Love is the main “capital” that God entrusts us because His love is what He gives us to sustain life in the material world. Hence we have to care for this capital and expand it by investing it in love’s ways and attributes: good deeds, enhancing tasks, positive works, uplifting thoughts, speech and actions for our individual and collective well being. This is the capital we have to lend free of “strings attached”, because it is about renewing love in our fellow’s heart and soul.

Love is also returned as love from the receiver to the giver as the dynamic process the Creator conceived for us. Thus we have to return to Him what belongs to Him: Love with which He created us. In this context it is about being and manifesting love’s attributes for our own sake, and for the sake of our fellow humans who are in need under the darkness of their materialistic illusions.

Love, as the material manifestation of God’s love, is our redeemer. Love liberates us from Egypt’s consciousness, and brings us out and up to the richness of the awareness of God’s love. Our love for each other is the freedom from the darkness of negative traits and trends because love is the strength and sustenance that keep our spiritual and material well being as we are born and destined to be.

In this process we must not sale our consciousness to the idolatry of ego’s fantasies and illusions. Instead we must live in love’s ways and attributes as the dynamic revitalizing forces they are.

“You shall not prostrate yourself before their gods, and you shall not worship them, and you shall not follow their practices, but you shall tear them down and you shall utterly shatter their monuments.” (23:24)

This is also reminded earlier.

“Concerning all that I have said to you, you shall be aware, and the name of the gods of others you shall not mention; it shall not be heard through your mouth.” (23:13)

Only God’s love is our life and sustenance through His blessings.

“And you shall worship [serve] the Lord, your God, and He will bless your food and your drink, and I will remove illness from your midst.” (23:25)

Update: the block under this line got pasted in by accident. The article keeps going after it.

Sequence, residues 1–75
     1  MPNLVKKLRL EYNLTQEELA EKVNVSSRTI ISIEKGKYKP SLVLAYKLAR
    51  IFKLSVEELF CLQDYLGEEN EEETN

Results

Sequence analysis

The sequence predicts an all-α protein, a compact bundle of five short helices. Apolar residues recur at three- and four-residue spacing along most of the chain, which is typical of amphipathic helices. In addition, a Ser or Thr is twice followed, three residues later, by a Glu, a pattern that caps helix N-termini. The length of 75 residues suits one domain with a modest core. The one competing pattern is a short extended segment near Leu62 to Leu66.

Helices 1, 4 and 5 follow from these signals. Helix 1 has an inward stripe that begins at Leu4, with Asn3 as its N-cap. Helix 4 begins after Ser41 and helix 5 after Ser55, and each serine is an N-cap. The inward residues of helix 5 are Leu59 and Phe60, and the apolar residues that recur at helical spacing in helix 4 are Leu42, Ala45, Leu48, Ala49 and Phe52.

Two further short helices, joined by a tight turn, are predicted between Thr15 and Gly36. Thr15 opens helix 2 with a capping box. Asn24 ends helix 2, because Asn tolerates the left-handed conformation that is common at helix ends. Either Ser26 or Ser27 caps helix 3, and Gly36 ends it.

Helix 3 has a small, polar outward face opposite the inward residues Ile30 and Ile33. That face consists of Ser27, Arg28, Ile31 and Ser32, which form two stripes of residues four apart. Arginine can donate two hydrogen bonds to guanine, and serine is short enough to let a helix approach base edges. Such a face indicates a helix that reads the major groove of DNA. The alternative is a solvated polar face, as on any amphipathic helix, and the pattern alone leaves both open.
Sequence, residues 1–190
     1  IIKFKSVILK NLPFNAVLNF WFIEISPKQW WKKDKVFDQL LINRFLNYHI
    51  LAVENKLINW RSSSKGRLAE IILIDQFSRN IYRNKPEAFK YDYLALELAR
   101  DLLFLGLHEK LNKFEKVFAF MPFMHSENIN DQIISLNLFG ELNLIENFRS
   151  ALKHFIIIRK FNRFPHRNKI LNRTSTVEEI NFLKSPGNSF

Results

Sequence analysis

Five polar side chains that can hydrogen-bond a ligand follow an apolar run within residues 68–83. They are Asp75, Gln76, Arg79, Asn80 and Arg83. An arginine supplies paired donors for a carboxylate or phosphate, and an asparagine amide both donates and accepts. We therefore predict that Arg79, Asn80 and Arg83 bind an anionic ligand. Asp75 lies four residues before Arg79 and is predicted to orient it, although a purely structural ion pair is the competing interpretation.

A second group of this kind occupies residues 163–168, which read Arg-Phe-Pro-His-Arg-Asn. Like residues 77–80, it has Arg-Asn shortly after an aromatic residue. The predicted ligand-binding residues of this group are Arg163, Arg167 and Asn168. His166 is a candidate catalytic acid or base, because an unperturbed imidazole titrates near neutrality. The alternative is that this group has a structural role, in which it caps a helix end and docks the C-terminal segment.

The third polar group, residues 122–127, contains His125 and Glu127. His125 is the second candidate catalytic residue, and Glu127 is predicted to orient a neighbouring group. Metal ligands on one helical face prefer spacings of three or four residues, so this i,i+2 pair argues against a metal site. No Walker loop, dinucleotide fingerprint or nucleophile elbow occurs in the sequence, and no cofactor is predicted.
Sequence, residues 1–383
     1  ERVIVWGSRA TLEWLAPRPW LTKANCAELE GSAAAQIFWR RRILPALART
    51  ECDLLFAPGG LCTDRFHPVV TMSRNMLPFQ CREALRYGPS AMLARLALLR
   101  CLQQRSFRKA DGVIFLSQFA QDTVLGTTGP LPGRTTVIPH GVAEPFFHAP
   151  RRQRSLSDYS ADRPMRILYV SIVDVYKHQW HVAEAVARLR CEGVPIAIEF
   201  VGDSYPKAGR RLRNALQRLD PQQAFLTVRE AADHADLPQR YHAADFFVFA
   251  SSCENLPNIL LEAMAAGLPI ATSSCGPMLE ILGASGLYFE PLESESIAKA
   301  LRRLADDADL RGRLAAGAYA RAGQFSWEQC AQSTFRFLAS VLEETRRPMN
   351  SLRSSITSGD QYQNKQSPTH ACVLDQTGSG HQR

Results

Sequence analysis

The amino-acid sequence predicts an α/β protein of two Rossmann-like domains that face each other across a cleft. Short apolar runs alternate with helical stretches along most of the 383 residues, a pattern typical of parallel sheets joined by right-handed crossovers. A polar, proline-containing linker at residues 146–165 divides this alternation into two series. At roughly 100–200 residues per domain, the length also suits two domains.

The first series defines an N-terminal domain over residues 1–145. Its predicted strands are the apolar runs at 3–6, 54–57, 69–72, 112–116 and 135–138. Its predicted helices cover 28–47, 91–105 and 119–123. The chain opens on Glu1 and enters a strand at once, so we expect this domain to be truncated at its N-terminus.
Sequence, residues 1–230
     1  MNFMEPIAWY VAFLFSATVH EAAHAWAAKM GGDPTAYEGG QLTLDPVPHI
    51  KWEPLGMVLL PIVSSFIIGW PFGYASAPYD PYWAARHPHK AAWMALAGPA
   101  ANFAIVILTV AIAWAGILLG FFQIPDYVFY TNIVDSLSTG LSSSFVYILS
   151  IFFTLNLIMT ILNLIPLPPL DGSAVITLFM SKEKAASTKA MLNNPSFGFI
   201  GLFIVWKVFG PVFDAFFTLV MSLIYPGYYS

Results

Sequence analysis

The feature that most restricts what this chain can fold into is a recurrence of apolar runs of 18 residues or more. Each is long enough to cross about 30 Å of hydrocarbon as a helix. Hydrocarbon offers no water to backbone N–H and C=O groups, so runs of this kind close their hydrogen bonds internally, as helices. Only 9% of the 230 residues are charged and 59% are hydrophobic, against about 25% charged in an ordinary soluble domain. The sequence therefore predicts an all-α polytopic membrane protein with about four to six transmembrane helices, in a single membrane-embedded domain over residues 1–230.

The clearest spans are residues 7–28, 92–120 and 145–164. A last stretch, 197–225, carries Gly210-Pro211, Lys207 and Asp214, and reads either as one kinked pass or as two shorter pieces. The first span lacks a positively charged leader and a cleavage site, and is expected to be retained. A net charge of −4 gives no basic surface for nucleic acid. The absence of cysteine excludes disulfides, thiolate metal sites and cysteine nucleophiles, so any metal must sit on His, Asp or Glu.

The portion ends with these two verses:

“And the appearance of the glory of the Lord was like devouring fire on the top of the mount in the eyes of the children of Israel. And Moses came within the cloud, and he went up to the mountain, and Moses was upon the mountain forty days and forty nights.” (24:17)

Divine glory is described here as a devouring fire, because with God’s love we are empowered to “devour” and shatter the illusions of the material world. This empowerment is achieved through the awareness of God, and we know that Moses represents such awareness. This allows him to “go up” and be in permanent connection to God.

Allegorically, we have to ascend to the top of the mountain as our individual highest level of consciousness in order to be able to “see” and “know” what God’s love is. Then we allow His fire to transform every aspect, level and dimension of our existence in order to fulfill our collective destiny: to create a place in the material world for our Creator to dwell among us.

About the Author
Ariel Ben Avraham was born in Colombia (1958) from a family with Sephardic ancestry. He studied Cultural Anthropology in Bogota, and lived twenty years in Chicago working as a radio and television producer and writer. He emigrated to Israel in 2004, and for the last fourteen years has been studying the Chassidic mystic tradition, about which he writes and teaches. Based on his studies, he wrote his first book "God's Love" in 2009. He currently lives in Kochav Yaakov.